In 2015, Oregon recorded its last case of bubonic plague. This week, health officials announced that a resident of the state has been infected with the first case of bubonic plague since then. According to Deschutes County Health Services, it is believed that the resident was likely infected with plague by their cat.
All close contacts of the resident and their pet have been contacted and provided medication to prevent illness, said Dr. Richard Fawcett, the Deschutes County health officer. Officials reassured the community that there is little risk to it since the case was identified and treated in the early stages of the disease. There have been no additional cases of plague that have emerged during the communicable disease investigation.
The bubonic plague can progress to more severe forms if not diagnosed early. It can lead to septicemic plague (bloodstream infection) or pneumonic plague (lung infection). Humans typically begin to show symptoms within two to eight days of exposure, including a sudden onset of fever, nausea, weakness, chills, muscle aches and visibly swollen lymph nodes called buboes. Humans can be infected through bites or contact with infected fleas or animals. In Central Oregon, officials warned that squirrels and chipmunks are most commonly known to carry bubonic plague but mice and other rodents can also carry it. Residents are advised to avoid contact with rodents and fleas, including sick, injured or dead rodents in order to prevent its spread.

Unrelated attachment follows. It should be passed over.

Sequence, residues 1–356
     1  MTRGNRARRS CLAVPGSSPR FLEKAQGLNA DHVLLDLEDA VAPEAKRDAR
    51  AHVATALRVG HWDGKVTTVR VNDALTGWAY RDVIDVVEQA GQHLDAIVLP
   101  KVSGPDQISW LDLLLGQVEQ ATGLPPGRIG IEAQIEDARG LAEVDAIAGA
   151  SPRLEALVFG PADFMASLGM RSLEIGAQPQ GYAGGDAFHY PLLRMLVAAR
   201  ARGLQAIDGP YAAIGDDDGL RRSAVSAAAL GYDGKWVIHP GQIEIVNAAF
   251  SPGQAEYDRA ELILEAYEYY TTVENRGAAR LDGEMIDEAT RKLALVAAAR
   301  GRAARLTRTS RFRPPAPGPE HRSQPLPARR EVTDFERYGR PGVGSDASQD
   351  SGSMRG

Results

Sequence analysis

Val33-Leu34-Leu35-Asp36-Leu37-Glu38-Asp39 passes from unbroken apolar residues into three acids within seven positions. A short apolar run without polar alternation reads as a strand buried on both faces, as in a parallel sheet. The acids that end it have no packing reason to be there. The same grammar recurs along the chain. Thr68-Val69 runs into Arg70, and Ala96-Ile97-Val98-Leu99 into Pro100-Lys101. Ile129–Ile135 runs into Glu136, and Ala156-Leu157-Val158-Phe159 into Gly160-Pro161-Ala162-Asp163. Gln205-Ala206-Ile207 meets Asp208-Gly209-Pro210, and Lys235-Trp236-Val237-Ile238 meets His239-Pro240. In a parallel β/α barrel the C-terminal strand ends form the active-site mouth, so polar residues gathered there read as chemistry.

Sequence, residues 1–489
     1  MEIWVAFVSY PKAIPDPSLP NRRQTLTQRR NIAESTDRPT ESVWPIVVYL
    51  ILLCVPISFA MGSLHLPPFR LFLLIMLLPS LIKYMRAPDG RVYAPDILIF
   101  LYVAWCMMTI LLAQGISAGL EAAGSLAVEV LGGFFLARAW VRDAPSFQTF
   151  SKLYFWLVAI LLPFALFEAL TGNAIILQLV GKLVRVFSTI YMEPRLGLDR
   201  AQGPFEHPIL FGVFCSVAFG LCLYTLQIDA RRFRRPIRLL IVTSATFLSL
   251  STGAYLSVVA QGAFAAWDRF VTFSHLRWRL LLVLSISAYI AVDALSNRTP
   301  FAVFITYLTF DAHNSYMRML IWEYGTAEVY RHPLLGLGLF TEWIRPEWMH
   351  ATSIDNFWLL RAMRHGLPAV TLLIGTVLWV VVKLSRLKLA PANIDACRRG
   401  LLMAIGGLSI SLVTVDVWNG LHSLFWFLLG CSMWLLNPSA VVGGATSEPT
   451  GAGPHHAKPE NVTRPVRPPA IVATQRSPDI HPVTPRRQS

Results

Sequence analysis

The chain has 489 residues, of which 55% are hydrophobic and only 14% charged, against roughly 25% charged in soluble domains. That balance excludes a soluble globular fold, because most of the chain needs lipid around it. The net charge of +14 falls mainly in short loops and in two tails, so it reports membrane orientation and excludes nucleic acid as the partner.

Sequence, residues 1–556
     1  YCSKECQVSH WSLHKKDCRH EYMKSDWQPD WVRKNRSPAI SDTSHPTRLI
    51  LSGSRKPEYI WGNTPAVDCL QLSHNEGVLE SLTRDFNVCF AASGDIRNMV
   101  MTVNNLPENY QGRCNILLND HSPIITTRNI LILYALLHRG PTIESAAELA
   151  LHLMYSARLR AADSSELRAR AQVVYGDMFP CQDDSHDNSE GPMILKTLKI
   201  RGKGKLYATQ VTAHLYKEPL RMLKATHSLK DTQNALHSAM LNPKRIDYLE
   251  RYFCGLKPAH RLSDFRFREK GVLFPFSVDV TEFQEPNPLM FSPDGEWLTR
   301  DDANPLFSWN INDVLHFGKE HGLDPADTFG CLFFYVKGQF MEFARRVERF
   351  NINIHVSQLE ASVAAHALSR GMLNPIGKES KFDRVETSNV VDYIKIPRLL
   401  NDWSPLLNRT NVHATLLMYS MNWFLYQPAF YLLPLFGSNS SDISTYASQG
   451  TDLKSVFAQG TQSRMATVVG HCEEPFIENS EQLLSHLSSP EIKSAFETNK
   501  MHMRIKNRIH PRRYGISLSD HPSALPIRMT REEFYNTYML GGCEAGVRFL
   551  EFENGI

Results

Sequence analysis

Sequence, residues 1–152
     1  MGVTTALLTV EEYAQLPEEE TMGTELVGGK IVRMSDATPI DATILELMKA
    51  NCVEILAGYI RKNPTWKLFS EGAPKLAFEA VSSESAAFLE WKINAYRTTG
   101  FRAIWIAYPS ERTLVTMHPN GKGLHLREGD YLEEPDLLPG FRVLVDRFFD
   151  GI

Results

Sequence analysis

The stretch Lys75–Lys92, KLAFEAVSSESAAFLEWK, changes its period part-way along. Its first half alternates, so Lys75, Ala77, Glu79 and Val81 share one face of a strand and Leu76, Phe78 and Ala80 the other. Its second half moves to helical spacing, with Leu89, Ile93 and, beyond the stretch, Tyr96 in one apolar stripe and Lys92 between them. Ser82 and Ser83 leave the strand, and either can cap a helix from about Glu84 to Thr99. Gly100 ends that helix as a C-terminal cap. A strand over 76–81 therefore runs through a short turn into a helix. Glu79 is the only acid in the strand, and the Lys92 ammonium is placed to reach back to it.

It’s important for people living in Oregon to stay informed about this potential health risk and take precautions as necessary. If anyone suspects they may have been exposed to the bubonic plague or is experiencing symptoms such as fever or chills should seek medical attention immediately.